The most I've heard from her that gives any insight at all is that she is boosting driverless cars, and she is being boosted by National.


If someone this unknown is the Great Right Hope for Auckland, they have problems.

by Josie Pagani on December 15, 2015
Josie Pagani

Tim and Alan - I agree!

John McTernan pointed out that when people say they want politicians to 'listen more', what they really mean is they want them to DO more. Either they don't think they're doing enough, or they think they're doing the wrong things. The last thing anyone wants is to be listened to by a politician with a tilted head of compassion and a glazed look in their eyes. Tell us what you'll do, and we'll decide whether to vote for you - or not.


by Murray Grimwood on December 15, 2015
Murray Grimwood

So far, comments of a predictable yin/yang kind.

Josie is wrong re machines and 'productivity' (a much-trotted-out buzz-word which few challenge).

There are no cloth-cap blue-collar workers pedalling home after the 4.30 hooters. They're gone. Displaced. I've watched it happen in my lifetime. What wasn't automated, went to China. Anyone want to compete, wage-wise?

Productivity is often obfuscated by 'money' being introduced to the equation, and money is not a complete measure of anything. Real productivity is 'per energy unit' - a measure of efficiency. Beyond that, it's smoke, mirrors and inflation (kinetic or potential).

Goff is the last of the grey-suited Rogernomes; a blast from the past. Better than the Right by a smidge, but it's a pointless differentiation in light of the 'peak energy; peak wealth; peak debt; peak capex.........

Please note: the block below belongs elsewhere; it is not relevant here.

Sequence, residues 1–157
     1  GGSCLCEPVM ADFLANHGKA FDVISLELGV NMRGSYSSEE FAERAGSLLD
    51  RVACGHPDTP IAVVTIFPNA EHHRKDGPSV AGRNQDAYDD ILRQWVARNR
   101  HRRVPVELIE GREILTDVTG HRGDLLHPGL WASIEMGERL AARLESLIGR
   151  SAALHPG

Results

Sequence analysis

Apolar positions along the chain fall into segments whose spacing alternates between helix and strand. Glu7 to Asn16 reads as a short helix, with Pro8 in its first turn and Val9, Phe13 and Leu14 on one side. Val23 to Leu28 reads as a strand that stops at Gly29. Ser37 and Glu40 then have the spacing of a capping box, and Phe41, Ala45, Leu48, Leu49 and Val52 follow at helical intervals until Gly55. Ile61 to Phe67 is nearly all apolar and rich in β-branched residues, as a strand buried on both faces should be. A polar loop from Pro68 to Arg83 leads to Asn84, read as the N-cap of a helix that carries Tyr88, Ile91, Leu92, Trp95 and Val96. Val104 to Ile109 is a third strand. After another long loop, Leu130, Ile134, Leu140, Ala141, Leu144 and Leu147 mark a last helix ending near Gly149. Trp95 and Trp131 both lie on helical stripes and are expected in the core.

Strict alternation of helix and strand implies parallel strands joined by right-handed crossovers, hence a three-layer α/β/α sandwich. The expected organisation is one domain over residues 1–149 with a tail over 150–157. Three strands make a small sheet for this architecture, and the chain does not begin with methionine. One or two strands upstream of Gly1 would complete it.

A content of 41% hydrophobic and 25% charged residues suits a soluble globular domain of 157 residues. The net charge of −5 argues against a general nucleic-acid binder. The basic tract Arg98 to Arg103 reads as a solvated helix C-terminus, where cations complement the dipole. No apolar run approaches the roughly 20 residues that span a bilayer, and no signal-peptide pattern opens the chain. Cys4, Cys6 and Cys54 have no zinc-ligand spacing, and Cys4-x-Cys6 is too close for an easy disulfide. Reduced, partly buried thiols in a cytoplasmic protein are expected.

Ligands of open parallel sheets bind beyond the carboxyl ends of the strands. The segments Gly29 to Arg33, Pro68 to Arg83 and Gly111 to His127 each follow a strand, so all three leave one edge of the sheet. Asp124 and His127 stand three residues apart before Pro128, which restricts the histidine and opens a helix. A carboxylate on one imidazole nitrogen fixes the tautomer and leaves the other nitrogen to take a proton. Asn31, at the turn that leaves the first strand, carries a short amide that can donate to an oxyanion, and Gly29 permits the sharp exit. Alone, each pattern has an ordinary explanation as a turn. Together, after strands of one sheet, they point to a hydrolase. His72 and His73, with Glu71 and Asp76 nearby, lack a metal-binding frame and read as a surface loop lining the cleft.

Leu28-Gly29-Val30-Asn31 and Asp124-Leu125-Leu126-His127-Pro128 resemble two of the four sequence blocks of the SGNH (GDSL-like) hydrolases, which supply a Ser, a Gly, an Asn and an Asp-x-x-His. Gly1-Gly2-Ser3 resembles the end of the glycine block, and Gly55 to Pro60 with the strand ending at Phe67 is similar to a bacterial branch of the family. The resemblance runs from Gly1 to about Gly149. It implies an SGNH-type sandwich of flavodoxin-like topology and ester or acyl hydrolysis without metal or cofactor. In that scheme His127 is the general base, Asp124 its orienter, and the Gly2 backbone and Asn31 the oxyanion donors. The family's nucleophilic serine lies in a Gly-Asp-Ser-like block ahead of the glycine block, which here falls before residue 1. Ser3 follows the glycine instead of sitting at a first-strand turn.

Which is why we're seeing global interest-rates trending to zero, and below. Why we're seeing debt-funded everything reduce - including 'investment' in energy. Which underwrites everything.

So whichever candidate 'wins', they'll be between a rock and a hard place. Ratepayers braying for less cost, incomes plummeting in real terms, angst, aging infrastructure.....    Not a position to envy, between now and 2020 or so

by Nick Gibbs on December 15, 2015
Nick Gibbs

Victoria Crone's website is rubbish. I guess it's still under construction. Phil Goff's is just a digital billboard. No policy or content there, just the usual platitudes. Deciding on the best candidate will have to wait until both talk about how they'll improve Auckland. Of course those with a political axe to grind don't need to bother with policy. Their decision is already made.

by Tim Watkin on December 16, 2015
Tim Watkin

Nick, you're right that Goff doesn't have much more than platitudes... except it is clear he is anti port expansion, won't sell "strategic assets" and is committed to light rail and more busways. He's also said he's open to getting some housing on golf courses.

But of course the more important point is that he's got 30 years of public service so that voters "know" him. Of course he's changed direction a few times, to rogernome and away again. So maybe that's not such a good point! But what seems clear is that he plans to continue the Brown project, just with new, more acceptable packaging.

by Stewart Hawkins on December 16, 2015
Stewart Hawkins

The elected representatives of Auckland do not seem to represent the people paying for either Auckland or their own jobs. Rodney Hide cocked up the Super City big time and simply enabled socialist candidates to rule over a larger area than previously whilst shafting the productive workers and letting the beneficiaries ti the balance to decide who should be their leaders. Crone probably isn't qualified but Goff, really(?), is he even the best candidate the left can produce? He could probably run for National right now. Bland Bland Bland.